If I am asked whether or not I’m patriotic, I’d say that I am, without question. I love my country. However, it’s hard to be a Black woman in America who has lived on the East and West coasts, the South and Midwest and not have stipulations attached to my patriotism.
I was born and raised in Detroit at a time when the city was going through a transformation. By the time I was old enough to attend school, racial uprisings were in full effect. Black Power was going strong and we were living it out to its fullest, from promoting Black literature through Dudley Randall’s Broadside Press to marches and public platforms to the increase of public service, education and first responders. By 4th grade, Coleman Young, our first Black mayor, had been elected.
A new sense of pride was looming in the air. Motown was still poppin’. Even my mom, while studying for a degree in a conservative field like accounting, was in the Miss Soul Pageant, displaying her cultural and social identity.
My teachers didn’t just teach the three Rs, we learned Black history, public speaking, cultural awareness (thanks Edythe Chapman & Calvin Summers) in performing arts class. My science teacher, Mrs. Lois Woods, was a smart and beautiful young Black woman. We learned about the diverse styles of our music and sub-genres from the incredible, no nonsense music teacher, Ms. Faye Joyce Davis.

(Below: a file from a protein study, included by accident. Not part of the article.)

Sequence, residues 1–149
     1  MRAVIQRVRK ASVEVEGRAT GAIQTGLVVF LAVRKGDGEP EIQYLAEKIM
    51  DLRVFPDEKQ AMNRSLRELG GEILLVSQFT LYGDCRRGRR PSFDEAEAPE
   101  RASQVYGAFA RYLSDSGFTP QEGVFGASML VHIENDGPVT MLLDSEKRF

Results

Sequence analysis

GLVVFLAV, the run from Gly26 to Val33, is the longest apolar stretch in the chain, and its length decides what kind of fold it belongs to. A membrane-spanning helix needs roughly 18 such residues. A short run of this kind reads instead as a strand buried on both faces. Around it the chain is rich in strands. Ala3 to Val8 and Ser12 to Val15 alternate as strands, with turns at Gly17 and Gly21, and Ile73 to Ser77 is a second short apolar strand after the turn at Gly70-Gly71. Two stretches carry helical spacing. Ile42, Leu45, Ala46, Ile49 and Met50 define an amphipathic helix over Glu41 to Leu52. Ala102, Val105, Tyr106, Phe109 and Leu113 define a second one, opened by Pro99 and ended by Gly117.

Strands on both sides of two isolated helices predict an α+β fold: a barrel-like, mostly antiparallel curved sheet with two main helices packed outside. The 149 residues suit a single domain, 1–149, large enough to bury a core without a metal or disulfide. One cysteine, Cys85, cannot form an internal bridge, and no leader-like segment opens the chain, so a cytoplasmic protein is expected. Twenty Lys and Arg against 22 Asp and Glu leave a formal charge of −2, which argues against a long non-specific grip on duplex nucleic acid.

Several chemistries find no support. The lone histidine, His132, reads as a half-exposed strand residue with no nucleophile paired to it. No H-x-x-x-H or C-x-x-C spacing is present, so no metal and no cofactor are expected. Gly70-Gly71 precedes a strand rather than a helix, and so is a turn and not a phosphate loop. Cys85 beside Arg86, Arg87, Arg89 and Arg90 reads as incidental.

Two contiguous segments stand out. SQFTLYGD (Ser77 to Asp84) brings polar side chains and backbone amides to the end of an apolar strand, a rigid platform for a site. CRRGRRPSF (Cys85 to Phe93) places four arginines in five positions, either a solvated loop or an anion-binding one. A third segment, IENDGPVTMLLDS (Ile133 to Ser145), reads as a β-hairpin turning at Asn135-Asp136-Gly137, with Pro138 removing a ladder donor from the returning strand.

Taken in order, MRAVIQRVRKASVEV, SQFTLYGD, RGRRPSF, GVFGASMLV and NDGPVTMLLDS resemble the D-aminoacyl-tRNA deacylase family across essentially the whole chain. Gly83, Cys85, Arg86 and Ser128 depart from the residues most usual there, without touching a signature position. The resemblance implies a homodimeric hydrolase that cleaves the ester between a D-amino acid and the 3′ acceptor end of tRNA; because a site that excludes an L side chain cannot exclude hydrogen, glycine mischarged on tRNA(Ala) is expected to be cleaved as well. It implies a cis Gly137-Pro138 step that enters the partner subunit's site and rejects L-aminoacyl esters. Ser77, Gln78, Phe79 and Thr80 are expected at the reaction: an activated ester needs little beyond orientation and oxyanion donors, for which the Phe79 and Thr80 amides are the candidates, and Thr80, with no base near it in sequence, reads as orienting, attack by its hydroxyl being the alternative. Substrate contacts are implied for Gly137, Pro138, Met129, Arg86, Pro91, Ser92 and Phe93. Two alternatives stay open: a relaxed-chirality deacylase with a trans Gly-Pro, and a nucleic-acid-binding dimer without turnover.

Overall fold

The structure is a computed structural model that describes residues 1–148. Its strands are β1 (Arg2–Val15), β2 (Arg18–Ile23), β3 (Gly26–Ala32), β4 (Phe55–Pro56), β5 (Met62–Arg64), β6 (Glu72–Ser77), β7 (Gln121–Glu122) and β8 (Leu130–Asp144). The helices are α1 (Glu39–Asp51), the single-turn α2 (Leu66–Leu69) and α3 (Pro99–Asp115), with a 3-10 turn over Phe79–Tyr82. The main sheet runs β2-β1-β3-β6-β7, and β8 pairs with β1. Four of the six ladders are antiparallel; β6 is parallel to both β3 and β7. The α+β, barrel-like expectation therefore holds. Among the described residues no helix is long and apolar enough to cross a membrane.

You may wonder what any of this has to do with the presidency right?
Well…Each night, my bedtime reading is The Washington Post. Who, by the way, can thank President Trump for their resurgence of great editorial content as these hopeful fictitious acts morph into reality each day.
My grade school memories were so incredible, thanks to the teachers at Keidan Elementary School, that I learned life’s lessons that are a part of my internal fiber. We were taught to love our country with all of its flaws and injustices, while learning that someday this country would be ours to manage and mold.
But never could Ms. Asher, my kindergarten teacher, have told me we’d be trying to understand politics and our roles as we watch the leader of the free world give orders via his cell phone. I don’t believe Ms. Chapman would have said speaking to the press and public about life-threatening concerns like healthcare would be led off by a letter written by a 9-year-old named Pickles.
I’m sure the life’s lessons encouraging us to follow the “golden rule” never anticipated a character like “The Mooch.”
I read these articles after nightfall, which might not be a good idea since it doesn’t always support healthy dream patterns.
But I think there is something subliminal that keeps me hoping this night reading might turn the bad realities into dreams and I’ll wake up to discover none of this really ever happened.